P.S. Posting a link to Paul Krugman makes it hard to take the rest of the article seriously. It’s just one of those things.

  • –About the Prairie Chicken comment, I was not implying that the only value and goodness of the bird is the joy it gives a birder to look at it. But if you’re arguing with the developer who is coveting the Chicken’s territory, and he is thinking in economic and utilitarian ways, it’s pretty difficult to impress the importance of higher forms of Beauty and the dignity of Existence to a person who sees only an insignificant bird, but nonetheless has the same right and claim in the case.

  • You tell ’em, Ted.

    I have always been amazed at how many birders won’t lift a finger for the preservation of their pastime.

    If we made as much noise per capita as the N.R.A. – the world would be a much better place.

    Question for everyone reading this: when was the last time you went to a public input meeting, wrote to or spoke with your elected officials, or did anything concrete to affect political outcomes (beyond simply voting)?

  • **The world might be a better place for birders, but not necessarily for everyone else. Despite Mr. Eubanks strong words, I still don’t feel self-righteous enough to impose any political proclivities I might derive from birding on a non-birding population.
    Coincidentally, the N.R.A. has similar interests to birders, so why not try to link up with them? Birders tend not too, because the N.R.A. is largely people with Republicans, and I fear Mr. Eubanks couldn’t hold his nose long enough to have the requisite conversations with N.R.A. Republicans to ever work something out.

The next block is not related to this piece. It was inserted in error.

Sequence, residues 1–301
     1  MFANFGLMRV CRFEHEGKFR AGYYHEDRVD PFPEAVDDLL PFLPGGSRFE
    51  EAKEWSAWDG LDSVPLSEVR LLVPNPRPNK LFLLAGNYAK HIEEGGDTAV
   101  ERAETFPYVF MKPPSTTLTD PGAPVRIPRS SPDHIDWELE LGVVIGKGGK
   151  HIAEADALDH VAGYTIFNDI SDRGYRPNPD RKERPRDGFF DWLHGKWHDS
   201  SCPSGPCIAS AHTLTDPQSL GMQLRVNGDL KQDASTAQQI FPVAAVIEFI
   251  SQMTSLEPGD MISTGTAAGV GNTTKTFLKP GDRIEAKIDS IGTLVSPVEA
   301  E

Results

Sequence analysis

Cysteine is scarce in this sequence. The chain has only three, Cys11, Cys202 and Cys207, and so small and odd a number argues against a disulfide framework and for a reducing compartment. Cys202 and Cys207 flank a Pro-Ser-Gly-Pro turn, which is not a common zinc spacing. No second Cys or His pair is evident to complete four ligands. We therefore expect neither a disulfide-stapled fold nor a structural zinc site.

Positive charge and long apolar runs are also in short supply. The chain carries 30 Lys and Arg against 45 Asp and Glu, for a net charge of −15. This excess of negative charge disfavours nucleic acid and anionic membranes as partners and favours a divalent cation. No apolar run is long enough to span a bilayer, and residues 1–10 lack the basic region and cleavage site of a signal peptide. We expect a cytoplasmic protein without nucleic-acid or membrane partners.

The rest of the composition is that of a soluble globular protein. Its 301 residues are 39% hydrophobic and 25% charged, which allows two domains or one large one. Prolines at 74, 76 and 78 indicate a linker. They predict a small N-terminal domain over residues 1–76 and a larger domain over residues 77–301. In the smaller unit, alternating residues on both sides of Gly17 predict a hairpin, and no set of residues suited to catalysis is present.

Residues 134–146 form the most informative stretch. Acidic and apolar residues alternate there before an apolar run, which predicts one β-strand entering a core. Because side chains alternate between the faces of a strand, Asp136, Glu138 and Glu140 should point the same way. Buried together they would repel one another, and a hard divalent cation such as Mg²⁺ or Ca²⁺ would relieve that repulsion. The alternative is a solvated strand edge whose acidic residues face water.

I speak with my elected officials often (or, more accurately, I speak at them), but I am not so preoccupied with my beloved birding as to think that it really should be a prominent issue in local or federal politics.
    I’d life a finger to preserve birding, but I’m still not convinced it’s under attack.

  • I can feel the twitch of a trembler, another quiver in the birding world working its way through the ornithological magma to the surface. The ABA powers-that-be are once again nervous that I might come lobbing grenades at L. Butler’s diatribe. The phones in Colorado Springs will ring, members will threaten to resign, and the ABA will be twisted into a tail spin. I feel like Peter Venkman in Ghostbusters; “Human sacrifice, dogs and cats living together… mass hysteria!” My phone will ring. The carpet calls.

    I hope that I won’t disappoint.

    Mr. L. Butler remarks that “but the simple fact is that it’s not the government’s business to make that sort of proclamation.” Actually, Mr. L. Butler is incorrect. I am perfectly happy if his declaration is one of knee-jerk opinion, but often the Teapers dress sophism as fact. Let me clue Mr. L. Butler in about our (our, not his) government’s business.

    The first sentence of the Constitution defines the government’s business. After the fiasco of the Articles of Confederation, the founders chose to create “a more perfect Union” that would “establish Justice, insure domestic Tranquility, provide for the common defence, promote the general Welfare, and secure the Blessings of Liberty to ourselves and our Posterity.” Note that the people of the U.S. agreed in this new constitution that our new government should “promote the general welfare” of its citizens. I know; we have been arguing over what “general welfare” means for over two centuries, but there is no doubt that “general welfare” is the government’s business.